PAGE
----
Cycling is dangerous – so why get on a bike?

In such a safety-conscious society as ours, it is surprising that anyone is ever urged to do anything dangerous.

Scarcely a week goes by, however, without someone saying that the latest change to the transport system, however weird and irritating, is good because it will get people on their bikes. Or to put it in a slightly less ambiguous way, persuade them to take up cycling.

But cycling is indisputably dangerous. This is not just my view: confirmed cyclists are always saying so, and using that argument to try to compel drivers of motorised vehicles to slow down.

The danger, however, does not come just from cars, buses and lorries. Any regular watcher of the Tour de France will be aware that cyclists are likely to come to grief as a result of road conditions or indeed because of the behaviour of other cyclists – or, sometimes, spectators.

Cycling is dangerous of itself, because it enables you to reach quite high speeds in areas whether others are going at markedly different speeds, and you have very little protection.

So why encourage people to cycle? It’s supposed to be good for your health, though it doesn’t do much for knee joints. Is it healthy to cycle through gales, storms, ice and fog? I suspect not. In every case walking is much healthier – and safer.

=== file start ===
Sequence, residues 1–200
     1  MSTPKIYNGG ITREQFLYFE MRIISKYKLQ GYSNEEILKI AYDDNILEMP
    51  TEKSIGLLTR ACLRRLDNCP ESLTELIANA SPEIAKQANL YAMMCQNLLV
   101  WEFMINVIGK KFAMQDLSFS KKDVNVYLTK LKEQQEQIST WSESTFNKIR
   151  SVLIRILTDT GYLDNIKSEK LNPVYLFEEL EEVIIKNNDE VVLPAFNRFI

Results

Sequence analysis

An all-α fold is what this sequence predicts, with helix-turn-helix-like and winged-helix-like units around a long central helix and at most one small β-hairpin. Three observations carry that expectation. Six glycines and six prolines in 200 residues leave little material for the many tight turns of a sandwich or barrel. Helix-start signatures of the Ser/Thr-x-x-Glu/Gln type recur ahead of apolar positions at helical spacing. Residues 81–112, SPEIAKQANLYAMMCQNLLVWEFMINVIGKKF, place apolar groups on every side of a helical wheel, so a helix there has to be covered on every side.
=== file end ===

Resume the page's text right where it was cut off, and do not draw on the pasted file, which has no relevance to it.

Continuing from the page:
How can we reduce the danger? Well, cycling evangelists are inclined to show us pictures of idyllic cycling scenes in enlightened continental towns. What they rarely point out is that the cyclists we see there are not Lycra-clad Tour wannabes with helmets, gloves and video cameras, hurtling along as fast as their 20 gears can take them. They are the gentler cyclists that those of us of more advanced years remember from our schooldays, when cycling on pavements (dangerous to pedestrians then and now) was likely to result in a sharp encounter with a local bobby, an official warning or a fine.

So why encourage people to cycle? Not because it’s safe, but because it’s fun. I suggest the problems we experience with some cyclists nowadays arise because cycling has been promoted as something morally superior – something safer and cleaner. As always, those who seize the moral high ground rapidly become obnoxious, because self-righteousness is no more attractive than self-justification.

Cycling is an indulgence, but that’s fine. In everyday life it can be useful; as a sport it’s undeniably exciting. But it’s not a religion, and it’s not politics. If we view it as either, we are opening the door to conflict. Going the wrong way up a one-way street and jumping the lights at the other end.